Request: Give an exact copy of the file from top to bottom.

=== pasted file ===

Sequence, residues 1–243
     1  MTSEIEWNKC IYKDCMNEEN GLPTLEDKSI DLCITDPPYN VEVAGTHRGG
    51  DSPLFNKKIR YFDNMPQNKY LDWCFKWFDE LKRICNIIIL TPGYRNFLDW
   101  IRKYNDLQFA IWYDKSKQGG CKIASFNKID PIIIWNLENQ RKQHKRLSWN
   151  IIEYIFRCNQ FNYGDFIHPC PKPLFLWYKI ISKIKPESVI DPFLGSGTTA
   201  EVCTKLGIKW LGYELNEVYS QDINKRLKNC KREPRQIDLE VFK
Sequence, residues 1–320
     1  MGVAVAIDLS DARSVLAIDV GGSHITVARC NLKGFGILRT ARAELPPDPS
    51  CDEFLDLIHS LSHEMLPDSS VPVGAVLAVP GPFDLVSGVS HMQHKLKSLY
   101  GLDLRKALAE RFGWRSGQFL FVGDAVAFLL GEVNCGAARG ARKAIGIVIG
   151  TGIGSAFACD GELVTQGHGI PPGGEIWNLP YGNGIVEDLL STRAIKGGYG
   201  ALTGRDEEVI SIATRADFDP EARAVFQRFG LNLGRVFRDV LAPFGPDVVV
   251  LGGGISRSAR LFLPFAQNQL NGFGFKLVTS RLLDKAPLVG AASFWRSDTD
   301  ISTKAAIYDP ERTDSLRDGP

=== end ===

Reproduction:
Sequence, residues 1–243
     1  MTSEIEWNKC IYKDCMNEEN GLPTLEDKSI DLCITDPPYN VEVAGTHRGG
    51  DSPLFNKKIR YFDNMPQNKY LDWCFKWFDE LKRICNIIIL TPGYRNFLDW
   101  IRKYNDLQFA IWYDKSKQGG CKIASFNKID PIIIWNLENQ RKQHKRLSWN
   151  IIEYIFRCNQ FNYGDFIHPC PKPLFLWYKI ISKIKPESVI DPFLGSGTTA
   201  EVCTKLGIKW LGYELNEVYS QDINKRLKNC KREPRQIDLE VFK
Sequence, residues 1–320
     1  MGVAVAIDLS DARSVLAIDV GGSHITVARC NLKGFGILRT ARAELPPDPS
    51  CDEFLDLIHS LSHEMLPDSS VPVGAVLAVP GPFDLVSGVS HMQHKLKSLY
   101  GLDLRKALAE RFGWRSGQFL FVGDAVAFLL GEVNCGAARG ARKAIGIVIG
   151  TGIGSAFACD GELVTQGHGI PPGGEIWNLP YGNGIVEDLL STRAIKGGYG
   201  ALTGRDEEVI SIATRADFDP EARAVFQRFG LNLGRVFRDV LAPFGPDVVV
   251  LGGGISRSAR LFLPFAQNQL NGFGFKLVTS RLLDKAPLVG AASFWRSDTD
   301  ISTKAAIYDP ERTDSLRDGP